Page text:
by Kara Kistner — April 17, 2014
JUAREZ, Mexico – In 2013, Phil Miller, director of Bible Study/Discipleship, and Daniel Rangel, director of River Ministry and Mexico Missions, traveled to Juarez, Mexico, to bring attention to the growing need in the churches to receive training on teaching and sharing the gospel with others. The main focus of the training was how to have an evangelistic Sunday School.
“Being in Juarez, anyone can see that the need is there,” said Miller. “The churches have the need to learn.”
Pastor Jose Angel Hernandez, River Ministry Coordinator in Juarez, discussed with Miller and Rangel during their first visit that the people of his congregation had a fire within them to want to learn how to prepare and teach the gospel to others. The focus of the first trip was to prepare the Sunday School lessons for the people. They knew the stories and the salvation, but did not understand how to relay what they believed to others; they wanted to be more evangelistic.
Before departing to head back across the border, Rangel supplied Pastor Hernandez with CDs for resources that his congregation could begin to study from, and discussed how future training events might target new needs of the churches.
“Being aware of not only the human needs, but also the spiritual and emotional needs of the people is one step in building that relationship,” said Rangel.
When time came to head off on their second trip this March to Juarez, Miller and Rangel had prepared a team of people that would accompany them to the area to better reach the age range within the community. The team consisted of Elizabeth Rangel, Daniel’s wife, teaching preschool/children; Jassmine Posada teaching youth; Robert Cotto teaching adults and Rangel teaching pastors and general leadership.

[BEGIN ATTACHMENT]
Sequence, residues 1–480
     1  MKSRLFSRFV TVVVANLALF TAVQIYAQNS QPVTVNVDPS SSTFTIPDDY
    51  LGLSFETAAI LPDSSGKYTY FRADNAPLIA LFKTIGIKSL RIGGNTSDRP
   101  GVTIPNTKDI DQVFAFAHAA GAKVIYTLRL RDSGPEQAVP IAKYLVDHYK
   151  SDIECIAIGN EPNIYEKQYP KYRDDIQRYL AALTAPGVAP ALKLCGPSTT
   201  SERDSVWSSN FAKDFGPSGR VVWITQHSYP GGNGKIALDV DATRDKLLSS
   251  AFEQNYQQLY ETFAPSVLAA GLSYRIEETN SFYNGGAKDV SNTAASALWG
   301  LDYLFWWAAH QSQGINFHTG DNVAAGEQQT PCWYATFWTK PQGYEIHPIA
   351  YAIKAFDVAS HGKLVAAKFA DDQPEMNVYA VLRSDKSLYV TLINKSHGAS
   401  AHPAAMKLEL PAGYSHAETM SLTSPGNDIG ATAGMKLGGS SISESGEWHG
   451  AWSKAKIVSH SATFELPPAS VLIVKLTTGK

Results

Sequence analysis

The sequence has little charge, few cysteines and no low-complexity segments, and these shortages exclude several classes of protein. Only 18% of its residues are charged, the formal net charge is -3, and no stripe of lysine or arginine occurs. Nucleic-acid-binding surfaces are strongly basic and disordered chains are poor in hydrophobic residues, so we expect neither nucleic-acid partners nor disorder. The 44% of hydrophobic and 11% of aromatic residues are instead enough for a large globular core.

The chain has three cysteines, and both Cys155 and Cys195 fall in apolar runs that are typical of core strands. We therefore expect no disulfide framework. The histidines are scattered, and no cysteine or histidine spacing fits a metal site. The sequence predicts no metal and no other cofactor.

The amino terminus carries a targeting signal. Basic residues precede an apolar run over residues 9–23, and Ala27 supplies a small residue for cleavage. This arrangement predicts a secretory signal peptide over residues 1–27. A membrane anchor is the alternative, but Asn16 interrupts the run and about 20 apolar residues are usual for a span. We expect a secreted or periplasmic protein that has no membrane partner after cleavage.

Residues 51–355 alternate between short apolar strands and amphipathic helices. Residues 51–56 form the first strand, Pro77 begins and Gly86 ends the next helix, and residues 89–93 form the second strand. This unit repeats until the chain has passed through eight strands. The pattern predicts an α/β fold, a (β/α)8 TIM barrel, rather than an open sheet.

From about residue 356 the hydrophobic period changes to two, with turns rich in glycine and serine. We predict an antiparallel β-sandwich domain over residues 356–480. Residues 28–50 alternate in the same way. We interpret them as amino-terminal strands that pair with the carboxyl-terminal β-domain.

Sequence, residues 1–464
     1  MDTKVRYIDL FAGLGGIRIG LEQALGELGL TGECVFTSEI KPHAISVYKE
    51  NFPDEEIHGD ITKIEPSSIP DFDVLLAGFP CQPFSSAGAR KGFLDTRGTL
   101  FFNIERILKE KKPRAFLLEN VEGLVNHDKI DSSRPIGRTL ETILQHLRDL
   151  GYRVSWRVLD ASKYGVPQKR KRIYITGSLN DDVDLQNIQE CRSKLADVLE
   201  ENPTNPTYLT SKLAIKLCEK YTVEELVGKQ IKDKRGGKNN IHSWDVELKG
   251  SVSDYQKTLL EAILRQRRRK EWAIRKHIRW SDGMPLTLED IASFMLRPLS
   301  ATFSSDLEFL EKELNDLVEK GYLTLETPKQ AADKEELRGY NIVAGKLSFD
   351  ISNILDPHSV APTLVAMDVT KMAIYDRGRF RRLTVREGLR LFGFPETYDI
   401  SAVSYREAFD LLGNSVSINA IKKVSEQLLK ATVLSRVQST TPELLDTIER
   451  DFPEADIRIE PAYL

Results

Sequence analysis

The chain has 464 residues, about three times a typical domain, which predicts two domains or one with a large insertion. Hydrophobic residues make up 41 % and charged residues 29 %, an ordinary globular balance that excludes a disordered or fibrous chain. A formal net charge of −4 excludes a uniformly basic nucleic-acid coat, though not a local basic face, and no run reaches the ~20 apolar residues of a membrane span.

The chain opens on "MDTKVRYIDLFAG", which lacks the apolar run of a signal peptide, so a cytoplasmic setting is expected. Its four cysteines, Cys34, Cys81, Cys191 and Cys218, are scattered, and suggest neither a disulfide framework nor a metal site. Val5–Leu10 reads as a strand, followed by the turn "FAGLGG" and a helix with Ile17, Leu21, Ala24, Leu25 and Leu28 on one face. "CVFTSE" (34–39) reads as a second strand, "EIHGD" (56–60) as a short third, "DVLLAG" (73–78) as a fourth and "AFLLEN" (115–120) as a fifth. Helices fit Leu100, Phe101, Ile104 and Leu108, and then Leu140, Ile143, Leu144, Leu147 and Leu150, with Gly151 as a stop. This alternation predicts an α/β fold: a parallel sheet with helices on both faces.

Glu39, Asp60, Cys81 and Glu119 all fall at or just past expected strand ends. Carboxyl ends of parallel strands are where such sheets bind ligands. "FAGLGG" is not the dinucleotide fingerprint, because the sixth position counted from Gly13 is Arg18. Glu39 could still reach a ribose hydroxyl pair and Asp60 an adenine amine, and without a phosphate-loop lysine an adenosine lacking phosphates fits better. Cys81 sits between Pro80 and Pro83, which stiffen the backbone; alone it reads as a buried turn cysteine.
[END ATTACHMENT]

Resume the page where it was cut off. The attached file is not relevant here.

On the day of the training, 64 people attended the conference from a number of churches in and around Juarez. In the training, they found leaders who had served for many years and some who started when they were teens or even children. With the educational backgrounds of the different age groups in Juarez, it is not a difficult task in finding leaders who are looking for better ways to serve more effectively and receive skills and resources to help them teach at their very best.
“Even if situations in their daily lives may be difficult sometimes, the people still have the willingness to learn,” said Rangel. “They have a calling from God.”
The goal of the trip was the training, but when the team arrived back in the states, they returned with more than just an educational mindset. Instead, they now have the stories of the people in Juarez that they can share with other organizations, people and churches to spark interest for future trips to the border.
“It’s more than just a training, it’s about helping the needs” said Miller. “It’s not just an event, it’s a relationship.”